Australian Man Stands Trial for Allegedly Installing Spyware on Ex-Girlfriend’s Car
Cyberstalking can take many forms, most of them involving personal computers and mobile phones. But one man allegedly settled for a car app connected to his girlfriend’s vehicle, allowing him to track her movements and start and stop the vehicle.
Most recent offerings from the major players in the auto industry come with wireless capabilities and can be paired with a companion mobile app for extended features. In more ways than one, a car is on its way to becoming just another IoT device that also happens to serve as a means of transportation.
The alleged crime took place last year in Hobart, Australia, after the defendant broke up with a woman he had dated for about 6 months. During this time, she had asked him to help her with buying a new car, since he was an experienced mechanic.
The defendant helped her buy an unspecified Land Rover model, but he made sure to keep the VIN (Vehicle Identification Number) – the car’s unique identification number. This information is typically required to pair a modern car to a mobile phone, and changing it is illegal since it is also tied to the car’s history.
The two eventually broke up, which is when the defendant allegedly started stalking her with help from the car. He downloaded and installed an app that required the car’s VIN to set up an account, the Australian Broadcasting Corporation reports. This offered him instant, 24-hour access to data about the car’s location, which he received as email notifications or directly in the app. The spyware also allowed him limited access to the vehicle, including functions like unlock, start and brake, but it’s unclear if he ever used this.
The victim found out about the alleged stalking by accident, her attorney told the court earlier this month. Although she worked in the digital field and is supposedly well versed in car tech, she said she never imagined she could be rendered so vulnerable by her own car. Because of car tech, her stalker knew where she was, for how long she’d been there and when she came back home.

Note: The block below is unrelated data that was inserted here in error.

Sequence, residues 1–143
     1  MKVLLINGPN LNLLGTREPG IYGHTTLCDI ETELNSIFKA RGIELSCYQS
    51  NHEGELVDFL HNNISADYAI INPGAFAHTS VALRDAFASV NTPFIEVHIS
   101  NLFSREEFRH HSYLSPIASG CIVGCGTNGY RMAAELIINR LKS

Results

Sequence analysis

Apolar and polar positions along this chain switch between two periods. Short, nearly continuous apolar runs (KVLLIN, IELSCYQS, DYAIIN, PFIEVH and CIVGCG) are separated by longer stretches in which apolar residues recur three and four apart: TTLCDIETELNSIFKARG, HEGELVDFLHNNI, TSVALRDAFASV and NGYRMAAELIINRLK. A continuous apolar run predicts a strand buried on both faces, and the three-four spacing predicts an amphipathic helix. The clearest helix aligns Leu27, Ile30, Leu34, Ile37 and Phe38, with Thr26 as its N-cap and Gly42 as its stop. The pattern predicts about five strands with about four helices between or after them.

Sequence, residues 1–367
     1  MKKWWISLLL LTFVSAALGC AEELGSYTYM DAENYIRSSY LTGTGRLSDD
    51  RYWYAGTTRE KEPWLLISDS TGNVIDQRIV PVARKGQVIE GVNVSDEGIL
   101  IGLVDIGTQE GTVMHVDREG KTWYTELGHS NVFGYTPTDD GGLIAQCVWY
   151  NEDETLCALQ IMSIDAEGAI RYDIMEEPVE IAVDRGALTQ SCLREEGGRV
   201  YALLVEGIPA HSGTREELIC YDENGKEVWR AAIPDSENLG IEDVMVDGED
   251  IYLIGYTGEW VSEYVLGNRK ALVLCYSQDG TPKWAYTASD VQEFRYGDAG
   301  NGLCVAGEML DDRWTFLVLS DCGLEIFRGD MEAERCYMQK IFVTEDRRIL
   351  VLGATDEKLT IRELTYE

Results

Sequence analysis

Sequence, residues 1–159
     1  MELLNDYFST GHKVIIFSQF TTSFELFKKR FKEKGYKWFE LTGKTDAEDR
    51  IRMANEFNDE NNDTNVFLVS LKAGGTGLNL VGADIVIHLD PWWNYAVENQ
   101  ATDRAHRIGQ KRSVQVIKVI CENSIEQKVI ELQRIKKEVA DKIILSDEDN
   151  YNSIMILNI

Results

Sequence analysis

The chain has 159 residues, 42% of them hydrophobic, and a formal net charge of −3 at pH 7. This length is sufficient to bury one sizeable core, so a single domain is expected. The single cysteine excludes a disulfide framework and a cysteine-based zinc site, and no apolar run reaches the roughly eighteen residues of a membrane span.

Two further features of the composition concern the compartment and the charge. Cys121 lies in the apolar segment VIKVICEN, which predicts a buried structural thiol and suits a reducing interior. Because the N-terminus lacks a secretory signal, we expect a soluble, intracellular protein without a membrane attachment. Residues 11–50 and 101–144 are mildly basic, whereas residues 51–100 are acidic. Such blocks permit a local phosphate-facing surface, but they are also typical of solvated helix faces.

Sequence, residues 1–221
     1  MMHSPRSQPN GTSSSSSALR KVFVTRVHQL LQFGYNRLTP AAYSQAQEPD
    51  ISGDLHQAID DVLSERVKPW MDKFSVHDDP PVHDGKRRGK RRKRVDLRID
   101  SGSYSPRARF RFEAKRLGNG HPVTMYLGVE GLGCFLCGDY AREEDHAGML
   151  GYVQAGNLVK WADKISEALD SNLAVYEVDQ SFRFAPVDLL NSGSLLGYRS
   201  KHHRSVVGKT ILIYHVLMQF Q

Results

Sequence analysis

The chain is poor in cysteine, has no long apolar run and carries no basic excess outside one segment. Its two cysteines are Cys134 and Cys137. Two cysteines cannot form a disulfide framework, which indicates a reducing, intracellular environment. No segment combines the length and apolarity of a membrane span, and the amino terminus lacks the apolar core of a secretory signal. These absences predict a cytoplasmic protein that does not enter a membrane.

Jennifer Perry, the chief executive of the Digital Trust, said in a 2015 interview that “the easiest thing is to access the woman in the cloud,” usually by pretending to “help” her buy a piece of technology that requires setup. With emerging IoT in cars, this still holds true.
Cases of car users being able to connect to the vehicle long after selling it or returning to the rental service have been recorded. One of them, described recently, involved a rental car; the customer connected it to the FordPass mobile app and could remotely start and stop the engine, lock/unlock the doors, or for tracking its location.
Five months after returning the car, the customer still had control over the vehicle (location, door lock/unlock, engine start/stop), even though other people rented it during the period. Ford has been notified of the situation but, at the time of reporting, had done nothing to kill access.
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